Fleet News

Guest opinion: planning ahead to cut insurance

Fleets could do a lot more to reduce the cost of accidents, claims Mike Taylor (pictured), head of business development at Elite Incident Management.

##MikeTaylor--left## 'THE cost of a motor accident claim to a fleet can be broadly divided into three categories.

Firstly, there is the direct cost of repairs which fall below the policy excess. Then there is the indirect cost – the cost of the fleet's claims to the insurer.

Although these claims are borne by the insurer, the cost of the claims will have a direct effect on the amount a fleet pays for its motor insurance.

Finally, companies have to bear hidden costs such as the time a vehicle is off the road, the cost of failed deliveries and employee downtime.

Clearly, prevention is better than cure and the simplest way to cut the cost of accidents is to avoid having the accident in the first place. Some accidents are avoidable and the frequency of all accidents can be controlled.

Fleets have to bear the direct cost of repairs which fall below their policy excess, together with the cost of administering these accidents. Outsourcing these claims to an accident management company can control these costs.

They are the experts in managing costs and use a variety of methods to achieve savings, ranging from uninsured loss recovery to risk management services.

Your insurer will pick up the rest of your claims cost, but remember the amount of the claims will have a direct effect on premium levels.

In simple terms, at renewal, the underwriter analyses the cost of claims (the claims experience) and compares this to the premium that it has received. This produces a loss ratio – an important factor in calculating the premium which may decide whether an insurer will offer a quotation or not.

Therefore, fleets that help insurers to make savings in claims costs and improve their claims experience will, in turn, benefit from premium savings. You can minimise the amount paid by insurers and improve your claims experience through some simple measures.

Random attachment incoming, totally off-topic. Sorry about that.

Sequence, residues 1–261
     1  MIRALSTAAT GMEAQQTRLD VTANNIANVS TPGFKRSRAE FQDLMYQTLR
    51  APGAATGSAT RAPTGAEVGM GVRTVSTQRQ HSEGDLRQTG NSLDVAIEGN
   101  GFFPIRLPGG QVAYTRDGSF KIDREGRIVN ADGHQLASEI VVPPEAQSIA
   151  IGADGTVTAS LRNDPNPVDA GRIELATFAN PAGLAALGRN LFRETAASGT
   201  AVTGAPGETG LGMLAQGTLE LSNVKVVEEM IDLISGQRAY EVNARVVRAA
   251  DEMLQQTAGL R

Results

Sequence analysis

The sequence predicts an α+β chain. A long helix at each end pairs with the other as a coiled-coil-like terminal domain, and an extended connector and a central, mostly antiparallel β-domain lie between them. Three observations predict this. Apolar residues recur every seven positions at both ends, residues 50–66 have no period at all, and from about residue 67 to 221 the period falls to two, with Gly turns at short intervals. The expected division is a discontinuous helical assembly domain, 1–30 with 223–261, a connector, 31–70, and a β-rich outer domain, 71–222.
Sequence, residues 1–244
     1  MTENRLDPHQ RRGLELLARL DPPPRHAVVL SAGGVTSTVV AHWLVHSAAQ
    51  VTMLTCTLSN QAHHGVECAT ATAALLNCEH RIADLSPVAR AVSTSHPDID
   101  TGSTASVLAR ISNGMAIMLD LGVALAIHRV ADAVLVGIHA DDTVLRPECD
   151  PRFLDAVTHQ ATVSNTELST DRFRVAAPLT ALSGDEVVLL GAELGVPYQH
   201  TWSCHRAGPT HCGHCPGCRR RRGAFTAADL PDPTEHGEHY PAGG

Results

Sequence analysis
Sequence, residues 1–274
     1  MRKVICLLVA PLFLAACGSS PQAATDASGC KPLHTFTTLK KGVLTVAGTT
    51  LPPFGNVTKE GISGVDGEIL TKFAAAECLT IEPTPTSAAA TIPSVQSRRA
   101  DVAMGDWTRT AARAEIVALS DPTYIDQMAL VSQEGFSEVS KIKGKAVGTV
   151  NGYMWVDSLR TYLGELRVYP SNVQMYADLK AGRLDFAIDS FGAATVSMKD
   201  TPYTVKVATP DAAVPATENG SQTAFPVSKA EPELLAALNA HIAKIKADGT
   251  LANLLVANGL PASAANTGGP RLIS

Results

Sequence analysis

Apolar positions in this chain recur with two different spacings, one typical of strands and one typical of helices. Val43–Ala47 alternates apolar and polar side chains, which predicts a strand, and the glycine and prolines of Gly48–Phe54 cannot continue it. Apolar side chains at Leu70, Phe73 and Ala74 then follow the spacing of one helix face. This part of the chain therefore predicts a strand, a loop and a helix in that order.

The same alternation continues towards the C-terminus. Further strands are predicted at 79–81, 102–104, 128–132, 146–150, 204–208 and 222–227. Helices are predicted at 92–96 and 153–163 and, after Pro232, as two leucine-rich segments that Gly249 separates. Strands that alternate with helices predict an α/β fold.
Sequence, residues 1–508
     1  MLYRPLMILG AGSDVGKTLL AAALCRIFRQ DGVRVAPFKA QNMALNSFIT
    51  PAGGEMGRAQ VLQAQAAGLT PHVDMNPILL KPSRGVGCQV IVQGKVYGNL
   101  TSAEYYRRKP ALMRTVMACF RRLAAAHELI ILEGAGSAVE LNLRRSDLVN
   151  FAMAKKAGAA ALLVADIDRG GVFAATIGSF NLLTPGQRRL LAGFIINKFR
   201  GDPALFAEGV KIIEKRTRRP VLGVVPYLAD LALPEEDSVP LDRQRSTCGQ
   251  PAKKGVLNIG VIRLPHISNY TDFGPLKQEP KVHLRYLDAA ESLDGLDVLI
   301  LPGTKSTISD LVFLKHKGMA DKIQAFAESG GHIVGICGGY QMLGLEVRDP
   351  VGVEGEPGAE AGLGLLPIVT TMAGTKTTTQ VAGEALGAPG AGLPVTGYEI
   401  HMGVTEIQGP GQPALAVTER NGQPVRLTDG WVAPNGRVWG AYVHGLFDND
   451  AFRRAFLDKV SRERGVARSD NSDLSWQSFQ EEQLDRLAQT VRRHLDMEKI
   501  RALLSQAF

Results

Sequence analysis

If an accident involves a small third party property claim alone, then it will be more cost-effective for you to advise insurers that you intend to pay for these claims yourselves in order to protect your claims experience.

Ensure that you report accidents promptly to insurers. The manner in which insurers deal with claims is governed by protocols which impose strict timetables upon insurers in terms of investigating a claim and replying to third party correspondence, with penalties for non-compliance.

Furthermore, if an insurer is able to contact a third party immediately, again, this can minimise the cost of the third party claim. It can also avoid the necessity for a third party to use solicitors to pursue their claim. Late notification provides insurers with a costly headache.

When reporting an accident to an insurer, not only should you ensure that a claim form is completed in full but also provide a clear statement from the driver setting out the circumstances of an accident. It will cut down insurers' costs if they know exactly what has happened from the outset.

Also, ensure that the driver's statement clearly indicates whether you feel the driver was responsible for the accident or not.

If you advise insurers that you are to blame for an accident, this will allow them to settle a third party claim promptly, minimising the cost of the claim. On the other hand, if you have explained the circumstances and made it clear why you are not to blame for an accident, again, this will assist insurers in defending the third party claim.

Claims experiences often tend to contain a few large claims and changes in these claims can have a substantial effect on the experience. Your accident management company or insurance broker will identify these claims for you. The progress and cost of these claims can then be monitored and you can ensure that as much information as possible regarding the circumstances of these accidents has been provided to insurers and that they are defending these claims, where possible.

In general terms, the overall cost and frequency of accidents will continue to rise. The average motor claim payout has risen by 28.6 % in the last year alone according to Datamonitor.

However, if you follow the steps outlined you will have the means to buck this upward trend and drive down the cost of accidents.

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